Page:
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Ho Chi Minh City
Thursday, October 21, 2021

Clash of values in a pandemic

By Tran Huong Giang

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HCMC has entered a new phase in the battle against Covid-19, when social distancing measures are tightened.

In reality, the fight against Covid-19 in HCMC shows that there are many issues to grapple with, leaving impacts on socio-economic activities and contrasting responses from stakeholders. Different values start to clash, making it difficult for the community to surge ahead.

Why is it challenging to control Covid-19?

The large-scale damage inflicted by the SARS-CoV-2 virus is unprecedented, so there is no formula for tackling it. The measures adopted have not been tested before. Urgency and risks mean that policymakers cannot afford to make mistakes, which may prove costly. Consequently, enforcement officers are given more power, so that they can handle each case with flexibility.

Enforcement agencies have different purposes, habits, needs and concerns. Their interpretation of anti-pandemic measures may vary, too. Moreover, within the same agency, different officers may have different personality, backgrounds and responses. This makes it difficult to mobilize resources and coordinate managerial responses on a large scale. There will be disparities, which, while somewhat acceptable under normal circumstances, may spell trouble for efforts to combat the pandemic.

The challenges posed by Covid-19 may be ignited by different factors, but they are interrelated and, therefore, socially complex. Tackling them requires collaboration across agencies as focusing on a particular issue, as each agency tends to do, may worsen other issues. Prioritizing these issues is not a simple task since they all seem urgent.

Are the goals in conflict?

Striking a balance between different goals enabled Vietnam’s economy to fare well in 2020. However, in 2021, the Delta variant, which is riskier and  more infectious, has made this more challenging. Stringent rules have impeded economic activities. While allowing workers to stay and work in factories to maintain production, create jobs and put the pandemic under control among enterprises, hefty implementation costs, limited resources and managerial risks have discouraged firms from adopting this arrangement. Restricted traffic flows across localities have adversely affected supply chains. In other words, the goals of controlling the pandemic and fueling economic growth are sometimes at odds.

The people are restricted from going out. This solution makes sense since it can stop transmission chains and allow the authorities to categorize various localities according to risks. However, HCMC should seek to provide its people with necessities. Since what constitutes necessities may differ from household to household, the people should still be allowed to go out to some extent. It is not easy to distinguish essential from non-essential items and excessive loosening of restrictions will make it difficult to control the pandemic, but an extremely strict approach may ignite adverse reactions from groups that have different interpretations of what necessities are. In this case, controlling the pandemic is at odds with ensuring the community’s access to necessities.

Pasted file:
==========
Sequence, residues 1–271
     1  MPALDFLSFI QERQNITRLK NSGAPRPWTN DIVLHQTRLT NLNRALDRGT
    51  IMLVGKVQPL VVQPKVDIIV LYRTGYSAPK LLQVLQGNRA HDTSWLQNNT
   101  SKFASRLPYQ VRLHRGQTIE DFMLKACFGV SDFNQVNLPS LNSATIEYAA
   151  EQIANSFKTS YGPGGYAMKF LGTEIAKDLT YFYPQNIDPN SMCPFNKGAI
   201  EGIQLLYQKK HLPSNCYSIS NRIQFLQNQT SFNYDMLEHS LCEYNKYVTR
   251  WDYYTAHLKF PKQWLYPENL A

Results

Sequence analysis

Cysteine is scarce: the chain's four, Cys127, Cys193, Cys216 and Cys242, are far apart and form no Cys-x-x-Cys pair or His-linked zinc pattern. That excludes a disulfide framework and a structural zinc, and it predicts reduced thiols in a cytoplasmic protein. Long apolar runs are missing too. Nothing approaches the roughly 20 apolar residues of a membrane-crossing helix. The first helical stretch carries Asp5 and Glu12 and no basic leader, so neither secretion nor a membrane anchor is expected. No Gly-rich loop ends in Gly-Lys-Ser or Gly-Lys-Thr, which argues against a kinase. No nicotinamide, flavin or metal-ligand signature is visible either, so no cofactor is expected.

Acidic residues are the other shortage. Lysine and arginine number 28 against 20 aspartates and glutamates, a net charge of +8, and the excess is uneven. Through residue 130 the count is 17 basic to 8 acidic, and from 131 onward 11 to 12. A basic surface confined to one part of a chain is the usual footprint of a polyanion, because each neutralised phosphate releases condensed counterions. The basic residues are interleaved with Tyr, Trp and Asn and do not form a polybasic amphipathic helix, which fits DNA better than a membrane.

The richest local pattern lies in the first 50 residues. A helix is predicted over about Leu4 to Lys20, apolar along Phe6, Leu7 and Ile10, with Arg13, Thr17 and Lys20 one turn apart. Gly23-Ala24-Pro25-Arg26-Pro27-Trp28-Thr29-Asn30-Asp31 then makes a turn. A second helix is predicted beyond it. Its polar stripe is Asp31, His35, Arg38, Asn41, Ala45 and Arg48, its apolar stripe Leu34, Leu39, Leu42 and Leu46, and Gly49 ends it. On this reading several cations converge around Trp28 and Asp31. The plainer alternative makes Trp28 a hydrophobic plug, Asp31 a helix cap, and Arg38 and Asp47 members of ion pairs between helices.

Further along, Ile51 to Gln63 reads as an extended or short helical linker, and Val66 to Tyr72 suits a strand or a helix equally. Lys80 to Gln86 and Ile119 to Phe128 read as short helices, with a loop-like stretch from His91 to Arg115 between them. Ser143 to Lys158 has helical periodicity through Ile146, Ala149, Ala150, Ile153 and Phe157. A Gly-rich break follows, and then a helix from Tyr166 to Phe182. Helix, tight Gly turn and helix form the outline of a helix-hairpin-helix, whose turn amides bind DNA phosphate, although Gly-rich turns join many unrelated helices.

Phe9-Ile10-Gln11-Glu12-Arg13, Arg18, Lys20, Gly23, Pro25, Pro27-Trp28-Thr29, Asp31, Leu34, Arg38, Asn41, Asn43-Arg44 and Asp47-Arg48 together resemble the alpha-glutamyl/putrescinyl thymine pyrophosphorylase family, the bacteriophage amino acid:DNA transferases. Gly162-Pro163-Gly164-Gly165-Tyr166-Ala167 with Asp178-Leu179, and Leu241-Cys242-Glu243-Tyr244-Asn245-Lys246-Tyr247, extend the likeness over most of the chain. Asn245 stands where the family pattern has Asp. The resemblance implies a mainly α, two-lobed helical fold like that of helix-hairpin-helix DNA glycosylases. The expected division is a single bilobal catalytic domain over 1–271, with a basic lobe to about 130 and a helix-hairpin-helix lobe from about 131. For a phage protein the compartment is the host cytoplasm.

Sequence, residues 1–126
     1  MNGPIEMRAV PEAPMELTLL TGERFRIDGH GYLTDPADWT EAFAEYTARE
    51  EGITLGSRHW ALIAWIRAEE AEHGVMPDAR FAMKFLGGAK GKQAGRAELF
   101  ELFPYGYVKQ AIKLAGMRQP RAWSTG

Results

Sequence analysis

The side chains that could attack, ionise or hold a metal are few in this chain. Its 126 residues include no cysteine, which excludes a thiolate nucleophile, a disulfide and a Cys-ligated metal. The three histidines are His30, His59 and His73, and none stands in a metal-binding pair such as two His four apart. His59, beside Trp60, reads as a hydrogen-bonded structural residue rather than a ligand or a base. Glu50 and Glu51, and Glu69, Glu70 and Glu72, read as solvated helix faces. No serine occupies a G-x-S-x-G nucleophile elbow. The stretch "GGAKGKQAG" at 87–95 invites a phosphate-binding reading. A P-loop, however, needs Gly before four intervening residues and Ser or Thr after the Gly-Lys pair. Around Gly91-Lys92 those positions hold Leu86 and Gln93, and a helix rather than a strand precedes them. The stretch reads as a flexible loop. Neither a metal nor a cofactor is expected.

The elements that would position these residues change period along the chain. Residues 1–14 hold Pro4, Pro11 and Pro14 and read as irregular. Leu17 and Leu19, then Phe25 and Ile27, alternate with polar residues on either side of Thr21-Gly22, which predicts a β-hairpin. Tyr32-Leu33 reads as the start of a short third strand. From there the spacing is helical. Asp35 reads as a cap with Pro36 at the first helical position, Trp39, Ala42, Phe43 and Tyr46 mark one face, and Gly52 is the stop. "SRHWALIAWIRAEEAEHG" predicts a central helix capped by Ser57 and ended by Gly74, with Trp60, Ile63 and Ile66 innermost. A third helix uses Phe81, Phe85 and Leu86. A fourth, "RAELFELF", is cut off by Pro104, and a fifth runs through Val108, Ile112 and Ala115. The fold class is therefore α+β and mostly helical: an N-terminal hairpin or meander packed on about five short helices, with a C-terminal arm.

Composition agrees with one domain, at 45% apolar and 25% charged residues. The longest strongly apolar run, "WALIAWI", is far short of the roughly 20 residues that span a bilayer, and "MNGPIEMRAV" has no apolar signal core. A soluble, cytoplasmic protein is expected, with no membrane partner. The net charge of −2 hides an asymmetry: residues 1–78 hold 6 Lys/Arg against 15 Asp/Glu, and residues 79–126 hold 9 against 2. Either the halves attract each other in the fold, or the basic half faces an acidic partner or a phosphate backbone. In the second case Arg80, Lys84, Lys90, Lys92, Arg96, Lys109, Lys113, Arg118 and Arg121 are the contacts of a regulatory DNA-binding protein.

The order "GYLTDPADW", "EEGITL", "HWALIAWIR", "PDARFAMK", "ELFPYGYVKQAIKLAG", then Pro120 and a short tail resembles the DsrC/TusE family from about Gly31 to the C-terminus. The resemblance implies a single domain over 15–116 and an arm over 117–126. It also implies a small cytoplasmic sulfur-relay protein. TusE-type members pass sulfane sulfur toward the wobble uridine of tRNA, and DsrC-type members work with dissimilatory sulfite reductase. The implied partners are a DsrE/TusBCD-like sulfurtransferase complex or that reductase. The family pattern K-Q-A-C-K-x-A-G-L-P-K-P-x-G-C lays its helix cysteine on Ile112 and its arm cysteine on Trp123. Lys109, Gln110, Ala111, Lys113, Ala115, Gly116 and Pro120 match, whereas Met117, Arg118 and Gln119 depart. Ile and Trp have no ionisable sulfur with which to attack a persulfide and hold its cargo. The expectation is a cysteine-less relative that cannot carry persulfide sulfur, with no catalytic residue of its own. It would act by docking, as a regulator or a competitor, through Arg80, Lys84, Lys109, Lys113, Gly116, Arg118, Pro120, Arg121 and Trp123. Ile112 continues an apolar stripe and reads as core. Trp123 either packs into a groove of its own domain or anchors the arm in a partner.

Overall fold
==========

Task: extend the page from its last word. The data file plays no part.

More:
Vaccination is the only path that will quickly lead to herd immunity or, at least, reduce the death rate. However, vaccination centers can turn into clusters. Moreover, many people must go out, sometimes in the company of household members, to get vaccinated. Managing the flow of people becomes trickier as a result. Mass vaccination at firms is no simple task, either. Small and medium enterprises do not have a sufficiently large workforce to invite healthcare workers to conduct on-site vaccination. Meanwhile, the transmission risks of fetching workers to vaccination centers are high. In this case, controlling the pandemic is at odds with creating herd immunity.

The path ahead

Covid-19 is a thorny issue which cannot be tackled through discipline alone. A more sophisticated approach that involves a fresh mindset and inter-agency coordination will be crucial.

Instead of letting each agency focusing on its own tasks, the Government should add in some general goals regarding fighting Covid and other essential needs. The governance model should empower agencies to have a shared vision and common goals, so that there will be better coordination and responses to unforeseen situations will be more efficacious.

The multitude of goals to deal with is a pressing problem facing the authorities. Goals should be prioritized with as much detail as possible according to phases, locations and situations, so that the decisions made will be judicious and least detrimental to the community.

Covid-19 is an unprecedented problem so coming up with quick fixes is not easy. Some government officials have not effectively dealt with fundamental issues. A problem that straddles across different groups of people and social activities is difficult to manage via official documents and regulations alone. It will be better to provide an analytical framework so that civil servants can respond appropriately to each circumstance.

From the people’s perspective, the pandemic poses an adaptive challenge. The Government and experts should encourage the people to identify the obstacles they must overcome. Information should be accurate and problems clearly identified. Awareness will make individuals more receptive to trade-offs so that the fight against the pandemic can take priority.

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